But some say, “I only bet what I can afford to lose.” Or, “I gamble not for gain, but for sport.” This is like the apology for social drinking. Ben Franklin was moved to say, “Keep flax from fire, and youth from gaming (gambling).” What assurance does a gambler have that his “sport” will not lead to his child’s addiction? What assurance that it will not encourage the weak to get caught in its snare (see Rom. 14:21)? The member who gambles puts the church in an unfavorable light before those of the world who know what gambling is. He also weakens the church’s voice against worldliness of all kinds (see Rom. 2:21-24); and it is weak enough already.
4. Gambling Is Wrong Spiritually. It violates God’s will regarding material gain. There are five acceptable ways to obtain the world’s goods: work (1 Tim. 5:18), selling or exchanging value for value (Acts 5:1,4), business profit (Jas. 4:13), gifts (Acts 20:35), and inheritance (2 Cor. 12:14). Gambling is none of these. It seeks to profit at another’s expense without giving anything in return. This is true of all gambling. None wins except from another’s loss. The fact that losers are willing to risk the loss, or pool the wager to minimize it, does not lesson the evil intent of all involved.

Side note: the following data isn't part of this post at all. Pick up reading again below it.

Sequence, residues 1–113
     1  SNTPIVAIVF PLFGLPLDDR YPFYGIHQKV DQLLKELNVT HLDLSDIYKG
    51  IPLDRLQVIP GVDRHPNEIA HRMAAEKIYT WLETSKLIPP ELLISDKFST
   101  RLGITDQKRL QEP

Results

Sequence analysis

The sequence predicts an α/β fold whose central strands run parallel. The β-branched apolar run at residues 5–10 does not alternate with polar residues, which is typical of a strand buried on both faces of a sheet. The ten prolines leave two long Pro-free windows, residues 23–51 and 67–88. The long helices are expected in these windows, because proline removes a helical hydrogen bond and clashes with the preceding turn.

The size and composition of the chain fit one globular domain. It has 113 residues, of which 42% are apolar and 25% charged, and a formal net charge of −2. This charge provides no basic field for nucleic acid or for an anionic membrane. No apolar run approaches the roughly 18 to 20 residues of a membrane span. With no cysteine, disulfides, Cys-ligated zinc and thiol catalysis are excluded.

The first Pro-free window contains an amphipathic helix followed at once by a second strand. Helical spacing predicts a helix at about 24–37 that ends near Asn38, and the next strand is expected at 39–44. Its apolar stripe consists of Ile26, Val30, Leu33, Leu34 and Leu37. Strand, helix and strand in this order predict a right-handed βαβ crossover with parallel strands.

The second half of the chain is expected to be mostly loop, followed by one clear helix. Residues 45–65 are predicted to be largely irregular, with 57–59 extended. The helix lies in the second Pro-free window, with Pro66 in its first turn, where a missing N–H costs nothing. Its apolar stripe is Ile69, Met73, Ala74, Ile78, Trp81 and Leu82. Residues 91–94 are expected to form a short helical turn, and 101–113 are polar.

The main cause of gambling is covetousness (Rom. 13:9). This is “greed for something another person rightfully possesses.” The word has elements of both envy and greed. The whole gambling industry rests on this sin. Richard Whately, author of Lessons on Morals, is correct in saying, “All gambling, since it implies a desire to profit at the expense of others, involves a breech of the tenth commandment. ” Christians aspire to higher motives of conduct (Col. 3:6).
The fact that every facet of gambling is wrong should be enough to cool the temptation that sometimes runs high among those, including some brethren, who dream too much about an effortless route to easy street.
Guardian of Truth XXXII: 8, pp. 225, 247
April 21, 1988